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FHWA Home / Safety / Pedestrian & Bicycle / Safe Transportation for Every Pedestrian (STEP)

logo: STEP UP
Step Up for Pedestrians at Night

In 2018, 76 percent of pedestrian fatalities in the U.S. occurred in dark conditions.1 Studies have identified a strong relationship between darker conditions and more severe injury pedestrian crashes.2 Appropriate lighting should increase visibility of pedestrian crosswalks and reduce glare for motorists. Illumination may also encourage more pedestrians to use crosswalks.3 Generally, overhead lights should be placed in advance of crosswalks and intersections, on both approaches, illuminating pedestrians from the sides and not creating overhead shadows on people crossing the road.4

At intersections, overhead lighting is estimated to reduce all types of injury crashes by 27%. Outside of intersections, overhead lighting improvements are estimated to reduce all types of injury crashes by 23%.5 Countermeasures such as high-visibility crosswalks and activated Rectangular Rapid Flashing Beacons increase visibility of pedestrians.

For more information about these and other countermeasures to improve pedestrian crossing safety, visit the FHWA Safe Transportation for Every Pedestrian (STEP) program website: https://safety.fhwa.dot.gov/ped_bike/step

1Pedestrians, 2018 Data. National Highway Traffic Safety Administration (NHTSA) Fatality Analysis Reporting System (FARS). https://crashstats.nhtsa.dot.gov/Api/Public/ViewPublication/812850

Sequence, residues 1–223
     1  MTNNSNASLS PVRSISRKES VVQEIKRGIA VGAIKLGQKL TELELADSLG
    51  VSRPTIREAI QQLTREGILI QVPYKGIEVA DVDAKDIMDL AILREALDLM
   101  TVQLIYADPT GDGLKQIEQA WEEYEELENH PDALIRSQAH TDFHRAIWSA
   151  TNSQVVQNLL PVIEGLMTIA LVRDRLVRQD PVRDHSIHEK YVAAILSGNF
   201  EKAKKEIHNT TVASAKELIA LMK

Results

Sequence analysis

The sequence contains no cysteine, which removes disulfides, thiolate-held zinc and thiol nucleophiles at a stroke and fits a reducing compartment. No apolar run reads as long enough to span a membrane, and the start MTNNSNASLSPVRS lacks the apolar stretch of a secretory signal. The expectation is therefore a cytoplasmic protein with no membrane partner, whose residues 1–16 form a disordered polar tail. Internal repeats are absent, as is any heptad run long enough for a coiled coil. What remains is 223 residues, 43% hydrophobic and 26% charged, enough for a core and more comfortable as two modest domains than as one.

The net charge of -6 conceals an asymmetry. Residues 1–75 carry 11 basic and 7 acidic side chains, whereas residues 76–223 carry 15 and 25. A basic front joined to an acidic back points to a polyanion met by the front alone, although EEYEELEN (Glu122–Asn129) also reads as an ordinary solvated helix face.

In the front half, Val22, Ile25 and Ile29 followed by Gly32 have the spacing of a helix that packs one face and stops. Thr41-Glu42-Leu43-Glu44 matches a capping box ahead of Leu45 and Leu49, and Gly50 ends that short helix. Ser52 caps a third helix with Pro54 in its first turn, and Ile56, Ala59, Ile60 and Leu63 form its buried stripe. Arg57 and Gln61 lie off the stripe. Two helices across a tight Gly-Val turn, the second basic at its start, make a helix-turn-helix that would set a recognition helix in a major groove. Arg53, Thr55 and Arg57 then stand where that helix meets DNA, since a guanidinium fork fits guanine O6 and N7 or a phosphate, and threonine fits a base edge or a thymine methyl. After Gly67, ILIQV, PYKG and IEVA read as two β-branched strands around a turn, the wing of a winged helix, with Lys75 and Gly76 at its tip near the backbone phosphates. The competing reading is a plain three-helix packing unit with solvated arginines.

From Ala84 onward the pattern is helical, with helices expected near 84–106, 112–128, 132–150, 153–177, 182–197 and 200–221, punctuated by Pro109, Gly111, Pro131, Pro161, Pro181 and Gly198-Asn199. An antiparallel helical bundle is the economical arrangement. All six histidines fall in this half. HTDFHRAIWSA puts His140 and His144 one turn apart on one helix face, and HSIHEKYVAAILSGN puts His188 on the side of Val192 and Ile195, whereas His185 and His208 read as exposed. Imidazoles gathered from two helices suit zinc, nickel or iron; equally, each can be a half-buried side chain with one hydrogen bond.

2Thomas, L., Sandt, L. S., Zegeer, C. V., Kumfer, W., Lang, K., Lan, B., … Schneider, R. J. (2018). Systemic pedestrian safety analysis (p. 111). Washington, D.C.: Transportation Research Board. Available: https://www.nap.edu/catalog/25255/systemic-pedestrian-safety-analysis

3Nambisan, S. S., S. S. Pulugurtha, V. Vasudevan, M. R. Dangeti, V. Virupaksha. Effectiveness of Automatic Pedestrian Detection Device and Smart Lighting on Pedestrian Safety. In Transportation Research Record: Journal of the Transportation Research Board, No. 2140, Transportation Research Board of the National Academies, Washington, D.C., 2009, pp. 27-34.

4Gibbons, R., C. Edwards, B. Williams, and C. Andersen. Informational Report on Lighting Design for Midblock Crosswalks. Publication FHWA-HRT-08-053, FHWA, U.S. Department of Transportation, 2008. Available: https://www.fhwa.dot.gov/publications/research/safety/08053/

5Harkey, D.L., R. Srinivasan, J. Baek, F. Council, K. Eccles, N. Lefler, F. Gross, B. Persaud, C. Lyon, E. Hauer, and J. Bonneson. NCHRP Report 617: Accident Modification Factors for Traffic Engineering and ITS Improvements. NCHRP, Transportation Research Board, Washington, DC, 2008. Available: http://www.trb.org/Publications/Blurbs/156844.aspx

Page last modified on June 30, 2020
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